Boyslikeme. Holden Street Theatres. 23 Apr 2021
How many times have we critics dreamed of slipping away from a lousy show at interval?
It is utterly against protocol for a theatre reviewer and one of the rules by which I have strictly abided through half a century in reviewing theatre.
So, the first time I do it, it is to leave a show I am absolutely adoring. A brilliant production of a play with such a tightly-written and suspenseful plot that one is on tenterhooks for its resolution.
I don’t know how it ends. I could look it up but I don’t want to lose the chemistry of this stunning work at Holden Street Theatres. I must return.
However, the review should not have to be on ice. Only my poor swollen knee deserves that treatment - the knee I injured when my shoe caught on the wet night brick path as we streamed back into the theatre after interval. And, thank you all those kind audience members who helped me up and thank you venue manager, Mark, for the bag of frozen blueberries which so effectively chilled the horror of excruciating swelling as I waited in the bar for emergency transport home.
I sat there livid that I and my hapless, sympathetic companion, were missing the rest of the play.
Of all plays!
Thus do I exhort you all, get thee hence to Holden Street, safely and without delay. To walk carefully in the dark and to see this outstanding show presented in its Australian premiere by Boyslikeme. It is set in a hospital waiting room. Ironic, eh? But it depicts family and friends of a young man in a coma after an accident in New York. It describes the unravelling of levels of love and responsibility, of family secrets and, most significantly of all, of the way in which religious devotion can skewer people’s understandings of each other. So artfully written is this work by Geoffrey Nauffts that its ferocious religious debates stop short of didacticism. Instead, they are well-wrought revelations in the emotional interplay of the characters. To BE-lieve or not to BE-lieve, that is the question.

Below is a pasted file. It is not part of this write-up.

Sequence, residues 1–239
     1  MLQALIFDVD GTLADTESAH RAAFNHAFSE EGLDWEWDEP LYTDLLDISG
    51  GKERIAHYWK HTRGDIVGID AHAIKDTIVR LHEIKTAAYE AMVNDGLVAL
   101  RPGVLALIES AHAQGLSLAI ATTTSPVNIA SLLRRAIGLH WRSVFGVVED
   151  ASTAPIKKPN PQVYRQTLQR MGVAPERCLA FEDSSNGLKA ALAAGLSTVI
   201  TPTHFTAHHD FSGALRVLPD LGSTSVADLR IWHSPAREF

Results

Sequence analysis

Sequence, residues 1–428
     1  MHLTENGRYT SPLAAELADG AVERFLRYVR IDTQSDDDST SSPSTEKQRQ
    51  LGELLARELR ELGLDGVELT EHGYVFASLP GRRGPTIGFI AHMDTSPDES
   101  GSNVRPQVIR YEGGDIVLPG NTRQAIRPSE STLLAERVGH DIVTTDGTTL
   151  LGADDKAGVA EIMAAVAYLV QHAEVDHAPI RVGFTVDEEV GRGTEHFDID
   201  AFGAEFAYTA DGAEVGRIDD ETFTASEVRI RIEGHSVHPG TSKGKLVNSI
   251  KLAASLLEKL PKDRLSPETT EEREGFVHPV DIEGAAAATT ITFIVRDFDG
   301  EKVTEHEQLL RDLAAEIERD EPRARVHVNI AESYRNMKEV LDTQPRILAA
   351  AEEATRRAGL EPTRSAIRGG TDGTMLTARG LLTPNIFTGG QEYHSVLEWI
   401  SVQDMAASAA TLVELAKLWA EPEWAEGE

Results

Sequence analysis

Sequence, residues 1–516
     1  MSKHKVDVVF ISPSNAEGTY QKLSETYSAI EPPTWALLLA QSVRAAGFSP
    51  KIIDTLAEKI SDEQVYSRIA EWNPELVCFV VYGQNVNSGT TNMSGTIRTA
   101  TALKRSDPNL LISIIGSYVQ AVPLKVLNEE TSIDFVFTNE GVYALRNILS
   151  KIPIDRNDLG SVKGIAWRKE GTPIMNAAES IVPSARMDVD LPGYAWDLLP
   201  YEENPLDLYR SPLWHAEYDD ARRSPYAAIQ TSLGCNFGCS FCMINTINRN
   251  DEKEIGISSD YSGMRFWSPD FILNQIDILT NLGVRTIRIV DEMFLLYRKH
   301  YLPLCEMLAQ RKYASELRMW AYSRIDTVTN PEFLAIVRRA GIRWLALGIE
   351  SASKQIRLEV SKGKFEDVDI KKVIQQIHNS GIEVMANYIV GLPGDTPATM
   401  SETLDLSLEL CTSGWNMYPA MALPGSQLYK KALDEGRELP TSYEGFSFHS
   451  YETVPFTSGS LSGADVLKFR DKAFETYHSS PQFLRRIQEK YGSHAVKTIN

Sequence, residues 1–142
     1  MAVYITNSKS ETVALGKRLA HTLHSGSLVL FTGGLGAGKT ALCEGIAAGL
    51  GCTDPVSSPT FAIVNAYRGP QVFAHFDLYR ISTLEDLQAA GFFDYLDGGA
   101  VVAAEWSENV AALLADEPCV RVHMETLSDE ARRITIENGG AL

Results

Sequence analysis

Elton John produced this work on Broadway to mixed reviews and lots of award nominations, including for three Tonys. The NY Times critic called it “the funniest heartbreaker in town”. Well put, I say. This play has all the elements, from impenetrably eccentric characters to a veritable rainbow of diverse relationships and emotional tensions, vividly acerbic intellectual credibility, and dammit, it is also a comedy. The humour is clever and very welcome.
Design by director Darrin Redgate is effective, and expedient enough for the actors to perform the scene changes as they go. Similarly, effective is the careful pace of his direction which establishes a potent sense of traction while bringing together the facets and attitudes of the characters. And thus emerges the considerable emotional range of Matt Hyde as the agnostic lover trying to dent the barriers of belief thrown up by young Luke, neatly performed by Tom Murdock during flashbacks. Luke’s divorced parents have their own conflicts ongoing and are an interesting study in clichéd Americana as presented by Brendan Cooney and Lisa Lanzi. Jason Jeffries as Luke’s friend has an elegant stage presence, a superb voice, and is a young actor to be watched. But it is Claire Sara who is stealing the show with a simply luminous, nuanced performance as the gentle “fag hag” who provides balance and glue to the fraught relationships around her. Or so it seemed to me in the first act.
Can’t wait to hobble back for the rest. Hopefully that will not be my “Next Fall”.
When: 23 Apr to 8 May
Where: Holden Street Theatres